By Chuck Sink Subscribe to my bi-weekly newsletter by clicking here
“Business is people!” It’s a simple but brilliant concept one of my best college professors taught us young and callow undergraduates. From that concept I recently coined the acronym “BIPS” for Business is People, Stupid. Remember the KISS rule – Keep it Simple, Stupid? Far from being stupid, we sometimes let our intelligence get in the way of keeping things simple because we want to learn all the best practices in business that will help us accomplish our goals.
The more complicated media options become, the more important it is to use timeless principles when implementing a good marketing strategy. It’s always about the people in your target group. What do they want that your business can best provide them?
We’ll focus on Facebook today because it has incredible numbers and staying power. It has repeatedly warded off threats of being knocked down by competition, even “Mother Google” and remains the biggest online social platform in the world. Take a small city such as Concord, NH for example with a population of 42,700. The number of active Facebook users within a 10 mile radius is over 61,000. Wow! That’s a big universe of potential eyeballs for an ad or an interesting post that could be shared by friends and friends of friends. Now just take that to neighboring cities and do the math. The potential number of impressions is staggering. Retailers take note!
If you’re on Facebook regularly you’ve experienced the phenomenon that advertisements and shares including interesting factoids, videos, quotes, photos, political messages, and the like just seem to find you. Most of that is on purpose. People are targeting you based on geographic, demographic and lifestyle information that is readily evident on your page. So now you get the point: This platform offers tremendous potential as a precision marketing tool. Facebook Advertising can be a very good buy.
Like any tool requiring skill, unless you’re trained to use it properly it won’t work well. Take a musical instrument. Pick one up that you’ve never learned to play and try making music. You can’t. Thankfully, Facebook is easier to learn than a musical instrument because as human beings, we can all relate to other human beings and therefore empathize with what makes people tick; what’s important or valuable to them. Again, business is people. This is fundamental to keep in mind when designing and implementing your business Facebook strategy.
There are a few key metrics to use when measuring Facebook marketing effectiveness: number of Likes or Friends, how many engage with your page and how often they comment and share your posts or promotions. Referrals, leads and sales rack up the winning score. And this is where the subtle skills come in.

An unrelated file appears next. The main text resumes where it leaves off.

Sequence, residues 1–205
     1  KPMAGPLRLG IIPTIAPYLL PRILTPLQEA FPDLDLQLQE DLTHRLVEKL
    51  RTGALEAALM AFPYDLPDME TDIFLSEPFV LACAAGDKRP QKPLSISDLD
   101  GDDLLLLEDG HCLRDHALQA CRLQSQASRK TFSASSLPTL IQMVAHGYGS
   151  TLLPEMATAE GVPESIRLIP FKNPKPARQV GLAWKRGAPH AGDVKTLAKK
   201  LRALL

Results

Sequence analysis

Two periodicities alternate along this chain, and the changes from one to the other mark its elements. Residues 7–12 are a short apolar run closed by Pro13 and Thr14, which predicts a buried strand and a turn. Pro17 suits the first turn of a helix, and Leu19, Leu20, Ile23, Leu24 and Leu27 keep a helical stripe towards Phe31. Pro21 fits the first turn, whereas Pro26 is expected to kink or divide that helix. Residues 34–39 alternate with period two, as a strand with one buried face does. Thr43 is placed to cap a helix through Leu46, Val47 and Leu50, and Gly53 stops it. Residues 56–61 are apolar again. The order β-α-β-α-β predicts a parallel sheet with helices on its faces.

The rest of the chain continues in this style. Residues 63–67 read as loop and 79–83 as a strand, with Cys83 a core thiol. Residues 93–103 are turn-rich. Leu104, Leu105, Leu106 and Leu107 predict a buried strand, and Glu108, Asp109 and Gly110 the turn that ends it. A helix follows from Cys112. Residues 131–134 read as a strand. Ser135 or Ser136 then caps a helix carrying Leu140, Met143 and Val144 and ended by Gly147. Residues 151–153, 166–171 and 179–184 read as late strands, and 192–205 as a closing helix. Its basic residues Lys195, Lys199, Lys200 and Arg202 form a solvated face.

If you’re a retailer for example, you can post messages about your awesome selection, low prices and clean, attractive stores and you’ll get zero interaction from your audience (except for Mom, loyal employees and close friends). Offer a valuable give away (that you can afford) to anyone who clicks your Like button or shares your offer on their wall and see what happens. Ask questions about what people want to see on sale next week and listen to the answers. Act on that info whenever possible. Shout out a customer’s name for their great idea for improving your store after implementing the change and watch them share your brand with their hundreds of friends. Then see how many of their friends respond and Like your page. These are just a few things that have worked for retail companies.
Face it. Your Facebook page is a lousy advertising billboard because people are there to socialize, have fun and be entertained. They don’t care about your business in a social environment… unless there’s something in it for them.
The Killer Secrets
Self promotion falls flat on its face on Facebook but most people will act on the 4 E’s of social media engagement: Ego, Entertainment, Education and Enrichment. How can you recognize and compliment individuals, entertain them, inform them and give them something of value? The answers to this killer question are unique to every organization so it’s up to you to understand your customers and potential audience when trying to engage them. With regard to your social media invitations and follower engagement, you always remember the golden question which follows the platinum rule: What’s in it for them? It may be something as free and easy to share as a great YouTube video.
If you’re a B2B company (a business that sells to other businesses), Facebook is a wonderful online networking opportunity. You may even find that your personal Facebook page is more effective in making business connections than your business page.
If you’re like me, you’ve already established many business connections as personal Facebook Friends, even people you haven’t met yet. As an example, I got my last job interviews by sending direct Facebook messages to a few executives including my now former boss. We never met until the interview and I landed his and another job offer within a week with no resume required (LinkedIn served as my resume). Just last week, a man I’ve only known on Facebook sent me a direct message inquiring about a project we’ll soon be discussing in person. This is networking, not marketing!
If you’re a B2B operation, think of Facebook as a great place to network. Share ideas and business leads with your customers and almost-customers. Recognize and compliment people who interact with your page. Share what they share, and thank them publicly. As a retail or consumer business, think of what excites customers when they shop or use your products and apply those ideas online. Do everything you can on Facebook to make people feel good about themselves and your business. Treat them online the way you would treat a good customer face to face.